Corinne Crabtre…: Yeah, so I think the hardest thing when it comes to weight and just in anything is that internal conversation that we have, we are just not really taught to pay attention to it. All of us have an internal narrative. For me, one thing your listeners don’t know is with my son, I had a lot of shame over just how I ate through his pregnancy. Then I had shame that I didn’t connect to him. Then I had guilt and immense shame at when he was five when he got diagnosed with autism. I took on this is my fault. I did something wrong, and then I couldn’t connect to him. I was like, “What about all the other autism moms? They look at their child, and they’re just having these rainbows and daisy moments, and I’m looking at my child, and I’m grieving. I’m thinking about what I will never get.”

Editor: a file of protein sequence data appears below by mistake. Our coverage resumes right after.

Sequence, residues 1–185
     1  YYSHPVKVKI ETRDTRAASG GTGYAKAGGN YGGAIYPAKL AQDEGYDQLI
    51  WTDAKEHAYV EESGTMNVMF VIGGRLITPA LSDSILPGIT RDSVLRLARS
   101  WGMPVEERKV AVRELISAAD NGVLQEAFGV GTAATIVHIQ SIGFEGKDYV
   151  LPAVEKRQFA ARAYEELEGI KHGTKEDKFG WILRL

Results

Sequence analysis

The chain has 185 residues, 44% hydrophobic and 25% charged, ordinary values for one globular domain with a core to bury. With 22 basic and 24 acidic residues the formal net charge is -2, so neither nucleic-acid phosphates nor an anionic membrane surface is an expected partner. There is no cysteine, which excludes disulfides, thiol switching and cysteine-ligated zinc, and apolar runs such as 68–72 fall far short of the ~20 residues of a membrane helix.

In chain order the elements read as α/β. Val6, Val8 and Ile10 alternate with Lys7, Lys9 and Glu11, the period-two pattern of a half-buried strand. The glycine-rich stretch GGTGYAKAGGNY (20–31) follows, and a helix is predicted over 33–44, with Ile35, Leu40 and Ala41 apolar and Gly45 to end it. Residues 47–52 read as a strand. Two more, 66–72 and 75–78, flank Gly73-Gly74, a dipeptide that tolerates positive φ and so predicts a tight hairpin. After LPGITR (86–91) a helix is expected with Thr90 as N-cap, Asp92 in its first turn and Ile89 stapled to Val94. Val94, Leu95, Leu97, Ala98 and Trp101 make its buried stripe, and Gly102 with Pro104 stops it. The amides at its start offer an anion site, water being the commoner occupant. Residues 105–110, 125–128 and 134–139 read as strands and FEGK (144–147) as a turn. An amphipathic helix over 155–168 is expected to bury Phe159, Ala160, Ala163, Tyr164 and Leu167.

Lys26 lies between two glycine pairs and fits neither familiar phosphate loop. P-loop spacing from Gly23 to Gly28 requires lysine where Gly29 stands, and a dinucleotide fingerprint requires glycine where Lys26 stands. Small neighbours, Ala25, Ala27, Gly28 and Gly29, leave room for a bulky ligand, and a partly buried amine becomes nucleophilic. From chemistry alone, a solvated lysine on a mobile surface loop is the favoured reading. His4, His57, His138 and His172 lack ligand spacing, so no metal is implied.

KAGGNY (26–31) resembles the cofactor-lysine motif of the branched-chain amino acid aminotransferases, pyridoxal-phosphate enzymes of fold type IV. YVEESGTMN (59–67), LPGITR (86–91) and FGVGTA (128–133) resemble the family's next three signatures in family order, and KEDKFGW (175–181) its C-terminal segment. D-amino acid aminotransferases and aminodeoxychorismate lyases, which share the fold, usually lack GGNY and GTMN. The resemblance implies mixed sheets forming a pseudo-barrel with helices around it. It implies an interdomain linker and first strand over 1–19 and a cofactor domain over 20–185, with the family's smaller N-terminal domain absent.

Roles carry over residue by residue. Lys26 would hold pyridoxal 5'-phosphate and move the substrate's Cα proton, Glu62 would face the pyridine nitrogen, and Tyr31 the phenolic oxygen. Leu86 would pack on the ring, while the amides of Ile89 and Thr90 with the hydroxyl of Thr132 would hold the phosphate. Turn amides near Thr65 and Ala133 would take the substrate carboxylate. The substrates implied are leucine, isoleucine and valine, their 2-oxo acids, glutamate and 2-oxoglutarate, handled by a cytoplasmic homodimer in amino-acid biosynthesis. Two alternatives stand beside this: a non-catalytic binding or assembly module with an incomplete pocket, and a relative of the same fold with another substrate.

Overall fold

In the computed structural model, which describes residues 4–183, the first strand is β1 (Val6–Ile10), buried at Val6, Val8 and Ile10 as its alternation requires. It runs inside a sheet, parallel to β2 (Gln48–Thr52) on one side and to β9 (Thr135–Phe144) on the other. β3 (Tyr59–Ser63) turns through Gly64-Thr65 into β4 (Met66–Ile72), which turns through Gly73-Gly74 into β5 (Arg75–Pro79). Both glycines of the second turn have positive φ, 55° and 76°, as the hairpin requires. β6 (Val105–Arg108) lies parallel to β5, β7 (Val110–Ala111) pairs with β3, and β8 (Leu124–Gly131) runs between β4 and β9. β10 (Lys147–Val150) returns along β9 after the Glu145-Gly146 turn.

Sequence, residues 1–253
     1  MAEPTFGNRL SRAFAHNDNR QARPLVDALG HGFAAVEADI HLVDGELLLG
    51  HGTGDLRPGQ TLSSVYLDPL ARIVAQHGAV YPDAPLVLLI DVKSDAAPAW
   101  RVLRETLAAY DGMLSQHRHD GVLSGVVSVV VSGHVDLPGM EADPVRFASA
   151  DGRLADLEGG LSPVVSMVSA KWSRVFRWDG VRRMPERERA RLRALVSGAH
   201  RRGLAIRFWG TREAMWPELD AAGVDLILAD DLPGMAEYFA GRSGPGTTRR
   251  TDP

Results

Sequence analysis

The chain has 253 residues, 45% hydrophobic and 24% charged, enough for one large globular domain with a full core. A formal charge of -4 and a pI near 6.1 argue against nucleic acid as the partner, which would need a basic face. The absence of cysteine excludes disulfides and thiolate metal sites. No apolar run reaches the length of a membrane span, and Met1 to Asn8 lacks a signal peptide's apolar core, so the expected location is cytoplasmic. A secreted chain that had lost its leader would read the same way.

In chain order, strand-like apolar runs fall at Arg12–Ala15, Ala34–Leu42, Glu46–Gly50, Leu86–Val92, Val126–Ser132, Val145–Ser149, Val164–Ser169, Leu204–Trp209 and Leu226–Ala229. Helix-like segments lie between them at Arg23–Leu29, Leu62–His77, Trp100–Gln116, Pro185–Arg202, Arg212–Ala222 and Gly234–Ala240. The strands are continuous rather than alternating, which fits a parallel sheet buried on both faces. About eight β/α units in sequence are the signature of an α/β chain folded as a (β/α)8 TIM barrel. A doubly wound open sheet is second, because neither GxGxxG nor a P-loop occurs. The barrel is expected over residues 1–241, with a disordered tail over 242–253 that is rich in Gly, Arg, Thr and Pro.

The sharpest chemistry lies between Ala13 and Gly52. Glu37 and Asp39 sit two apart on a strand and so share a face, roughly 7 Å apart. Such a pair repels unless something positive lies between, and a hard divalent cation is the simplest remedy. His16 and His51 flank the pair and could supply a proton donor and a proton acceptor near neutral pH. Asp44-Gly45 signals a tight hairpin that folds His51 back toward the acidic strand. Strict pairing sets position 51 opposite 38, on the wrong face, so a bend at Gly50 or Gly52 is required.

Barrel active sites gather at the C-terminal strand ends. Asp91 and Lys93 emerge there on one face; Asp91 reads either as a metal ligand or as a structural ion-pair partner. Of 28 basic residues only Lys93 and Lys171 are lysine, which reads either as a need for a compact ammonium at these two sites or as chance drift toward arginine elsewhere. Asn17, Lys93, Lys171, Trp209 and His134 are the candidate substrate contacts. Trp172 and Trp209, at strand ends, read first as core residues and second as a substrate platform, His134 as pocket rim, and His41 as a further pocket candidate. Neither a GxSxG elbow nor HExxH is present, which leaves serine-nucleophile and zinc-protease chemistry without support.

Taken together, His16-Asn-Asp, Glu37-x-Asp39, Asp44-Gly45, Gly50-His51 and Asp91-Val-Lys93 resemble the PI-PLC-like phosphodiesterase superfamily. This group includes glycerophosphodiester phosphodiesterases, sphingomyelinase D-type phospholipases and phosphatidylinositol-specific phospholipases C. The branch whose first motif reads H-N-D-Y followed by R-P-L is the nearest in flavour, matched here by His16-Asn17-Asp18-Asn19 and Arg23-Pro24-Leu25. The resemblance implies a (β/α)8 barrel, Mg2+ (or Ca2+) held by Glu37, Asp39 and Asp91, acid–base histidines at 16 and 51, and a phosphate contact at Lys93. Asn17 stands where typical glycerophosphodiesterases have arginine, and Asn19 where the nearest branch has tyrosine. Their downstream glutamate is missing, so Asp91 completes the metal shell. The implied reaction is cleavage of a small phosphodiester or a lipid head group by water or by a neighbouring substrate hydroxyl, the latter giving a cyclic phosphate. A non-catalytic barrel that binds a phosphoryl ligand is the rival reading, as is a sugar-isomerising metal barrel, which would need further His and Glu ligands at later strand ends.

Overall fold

We’re not taught that our thinking is very normal. We’re not taught how to listen to it. We just believe it, and when you believe it, it’s painful, and it hurts. Often, if you don’t understand your thinking, you will eat to get away from it, so we’re just not really instructed as humans that you are going to have a shit show of a brain. That’s just the way it works, but you have creative authority over it. You can change your narrative. You can question what you’re thinking. You can sit with it if you want to, but when we’re not taught that our thinking’s the problem, all we want to do is escape our reality because our thinking shapes our reality, so that’s why I think a lot of us food is easy to turn to.